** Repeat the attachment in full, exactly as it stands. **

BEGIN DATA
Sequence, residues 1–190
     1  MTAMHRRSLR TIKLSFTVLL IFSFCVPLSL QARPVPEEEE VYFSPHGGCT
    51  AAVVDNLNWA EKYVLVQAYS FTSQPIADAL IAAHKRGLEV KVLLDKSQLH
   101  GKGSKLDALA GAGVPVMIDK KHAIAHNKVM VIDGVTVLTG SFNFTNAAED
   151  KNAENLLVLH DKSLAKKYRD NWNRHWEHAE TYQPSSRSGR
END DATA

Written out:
Sequence, residues 1–190
     1  MTAMHRRSLR TIKLSFTVLL IFSFCVPLSL QARPVPEEEE VYFSPHGGCT
    51  AAVVDNLNWA EKYVLVQAYS FTSQPIADAL IAAHKRGLEV KVLLDKSQLH
   101  GKGSKLDALA GAGVPVMIDK KHAIAHNKVM VIDGVTVLTG SFNFTNAAED
   151  KNAENLLVLH DKSLAKKYRD NWNRHWEHAE TYQPSSRSGR